Nescc Ubuntu mantic *
Nescc Ubuntu trusty *
Nescc Ubuntu wily *
Nescc Ubuntu xenial *
Nescc Ubuntu yakkety *
Nescc Ubuntu zesty *
Sdcc Ubuntu artful *
Sdcc Ubuntu bionic *
Sdcc Ubuntu cosmic *
Sdcc Ubuntu esm-apps/bionic *
Sdcc Ubuntu esm-apps/xenial *
Sdcc Ubuntu precise *
Sdcc Ubuntu trusty *
Sdcc Ubuntu wily *
Sdcc Ubuntu xenial *
Sdcc Ubuntu yakkety *
Sdcc Ubuntu zesty *
Valgrind Ubuntu esm-infra/xenial *
Valgrind Ubuntu precise *
Valgrind Ubuntu trusty *
Valgrind Ubuntu wily *
Valgrind Ubuntu xenial *
Valgrind Ubuntu yakkety *

Extended Description

Certain languages allow direct addressing of memory locations and do not automatically ensure that these locations are valid for the memory buffer that is being referenced. This can cause read or write operations to be performed on memory locations that may be associated with other variables, data structures, or internal program data. As a result, an attacker may be able to execute arbitrary code, alter the intended control flow, read sensitive information, or cause the system to crash.

Potential Mitigations

  • Use a language that does not allow this weakness to occur or provides constructs that make this weakness easier to avoid.

  • For example, many languages that perform their own memory management, such as Java and Perl, are not subject to buffer overflows. Other languages, such as Ada and C#, typically provide overflow protection, but the protection can be disabled by the programmer.

  • Be wary that a language’s interface to native code may still be subject to overflows, even if the language itself is theoretically safe.

  • Use a vetted library or framework that does not allow this weakness to occur or provides constructs that make this weakness easier to avoid.

  • Examples include the Safe C String Library (SafeStr) by Messier and Viega [REF-57], and the Strsafe.h library from Microsoft [REF-56]. These libraries provide safer versions of overflow-prone string-handling functions.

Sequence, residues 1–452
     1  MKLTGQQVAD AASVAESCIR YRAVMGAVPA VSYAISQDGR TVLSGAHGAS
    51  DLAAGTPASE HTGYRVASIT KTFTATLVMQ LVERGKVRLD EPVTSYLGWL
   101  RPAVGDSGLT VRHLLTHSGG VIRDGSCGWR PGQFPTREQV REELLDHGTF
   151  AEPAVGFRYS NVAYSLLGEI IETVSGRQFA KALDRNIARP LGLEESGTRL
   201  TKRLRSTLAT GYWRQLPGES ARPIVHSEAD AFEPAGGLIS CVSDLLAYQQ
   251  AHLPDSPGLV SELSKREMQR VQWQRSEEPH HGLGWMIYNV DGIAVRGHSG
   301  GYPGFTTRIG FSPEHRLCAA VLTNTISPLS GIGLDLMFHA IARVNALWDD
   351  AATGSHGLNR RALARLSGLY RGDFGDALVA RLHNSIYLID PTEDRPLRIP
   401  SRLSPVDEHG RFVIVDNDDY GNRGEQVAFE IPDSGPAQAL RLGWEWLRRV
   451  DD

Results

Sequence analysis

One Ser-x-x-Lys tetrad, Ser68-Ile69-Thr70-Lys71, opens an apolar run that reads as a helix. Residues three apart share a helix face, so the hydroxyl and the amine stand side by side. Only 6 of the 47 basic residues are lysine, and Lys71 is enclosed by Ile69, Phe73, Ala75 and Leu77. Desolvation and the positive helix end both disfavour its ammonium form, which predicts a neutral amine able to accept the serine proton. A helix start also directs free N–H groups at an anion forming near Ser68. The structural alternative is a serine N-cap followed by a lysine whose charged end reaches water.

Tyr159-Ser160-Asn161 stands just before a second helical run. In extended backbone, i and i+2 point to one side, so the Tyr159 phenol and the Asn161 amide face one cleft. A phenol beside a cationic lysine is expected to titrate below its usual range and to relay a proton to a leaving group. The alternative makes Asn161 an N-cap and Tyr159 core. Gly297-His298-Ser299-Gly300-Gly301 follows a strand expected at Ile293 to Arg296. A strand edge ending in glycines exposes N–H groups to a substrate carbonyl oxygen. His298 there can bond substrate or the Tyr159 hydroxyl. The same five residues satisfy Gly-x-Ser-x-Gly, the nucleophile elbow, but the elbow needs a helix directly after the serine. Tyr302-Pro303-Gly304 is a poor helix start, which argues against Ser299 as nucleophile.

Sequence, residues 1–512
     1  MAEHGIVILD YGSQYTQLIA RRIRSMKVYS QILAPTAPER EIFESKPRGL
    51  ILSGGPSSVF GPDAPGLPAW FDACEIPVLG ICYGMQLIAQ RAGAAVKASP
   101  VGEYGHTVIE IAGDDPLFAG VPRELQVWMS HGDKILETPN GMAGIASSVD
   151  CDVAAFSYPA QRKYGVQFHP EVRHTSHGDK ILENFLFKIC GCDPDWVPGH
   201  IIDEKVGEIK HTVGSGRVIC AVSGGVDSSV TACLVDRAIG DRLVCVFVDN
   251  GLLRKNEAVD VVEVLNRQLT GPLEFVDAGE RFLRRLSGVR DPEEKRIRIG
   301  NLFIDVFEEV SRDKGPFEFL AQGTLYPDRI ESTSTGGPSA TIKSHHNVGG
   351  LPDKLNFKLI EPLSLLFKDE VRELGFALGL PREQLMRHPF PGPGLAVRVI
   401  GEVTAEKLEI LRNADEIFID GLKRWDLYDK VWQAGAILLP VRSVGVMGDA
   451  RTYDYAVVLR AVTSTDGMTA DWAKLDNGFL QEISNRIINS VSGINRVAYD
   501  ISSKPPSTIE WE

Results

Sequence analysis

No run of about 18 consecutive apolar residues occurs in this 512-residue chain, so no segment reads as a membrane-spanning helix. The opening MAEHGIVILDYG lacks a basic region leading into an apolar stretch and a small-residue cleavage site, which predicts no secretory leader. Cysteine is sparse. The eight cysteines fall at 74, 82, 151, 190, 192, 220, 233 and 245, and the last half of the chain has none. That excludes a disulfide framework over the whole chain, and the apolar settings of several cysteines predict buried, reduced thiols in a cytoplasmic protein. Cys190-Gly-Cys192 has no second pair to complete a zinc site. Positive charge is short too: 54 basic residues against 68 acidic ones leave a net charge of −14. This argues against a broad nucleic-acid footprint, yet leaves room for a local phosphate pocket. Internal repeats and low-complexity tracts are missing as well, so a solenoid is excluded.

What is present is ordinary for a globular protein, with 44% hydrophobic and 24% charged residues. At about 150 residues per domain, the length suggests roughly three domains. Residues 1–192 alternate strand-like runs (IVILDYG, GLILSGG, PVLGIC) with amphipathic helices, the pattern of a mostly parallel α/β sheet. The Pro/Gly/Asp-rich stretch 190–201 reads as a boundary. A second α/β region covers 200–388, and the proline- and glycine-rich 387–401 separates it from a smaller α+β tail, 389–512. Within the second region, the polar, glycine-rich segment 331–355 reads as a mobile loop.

• Use automatic buffer overflow detection mechanisms that are offered by certain compilers or compiler extensions. Examples include: the Microsoft Visual Studio /GS flag, Fedora/Red Hat FORTIFY_SOURCE GCC flag, StackGuard, and ProPolice, which provide various mechanisms including canary-based detection and range/index checking.

  • D3-SFCV (Stack Frame Canary Validation) from D3FEND [REF-1334] discusses canary-based detection in detail.

  • Consider adhering to the following rules when allocating and managing an application’s memory:

  • Run or compile the software using features or extensions that randomly arrange the positions of a program’s executable and libraries in memory. Because this makes the addresses unpredictable, it can prevent an attacker from reliably jumping to exploitable code.

  • Examples include Address Space Layout Randomization (ASLR) [REF-58] [REF-60] and Position-Independent Executables (PIE) [REF-64]. Imported modules may be similarly realigned if their default memory addresses conflict with other modules, in a process known as “rebasing” (for Windows) and “prelinking” (for Linux) [REF-1332] using randomly generated addresses. ASLR for libraries cannot be used in conjunction with prelink since it would require relocating the libraries at run-time, defeating the whole purpose of prelinking.

  • For more information on these techniques see D3-SAOR (Segment Address Offset Randomization) from D3FEND [REF-1335].

  • Use a CPU and operating system that offers Data Execution Protection (using hardware NX or XD bits) or the equivalent techniques that simulate this feature in software, such as PaX [REF-60] [REF-61]. These techniques ensure that any instruction executed is exclusively at a memory address that is part of the code segment.

  • For more information on these techniques see D3-PSEP (Process Segment Execution Prevention) from D3FEND [REF-1336].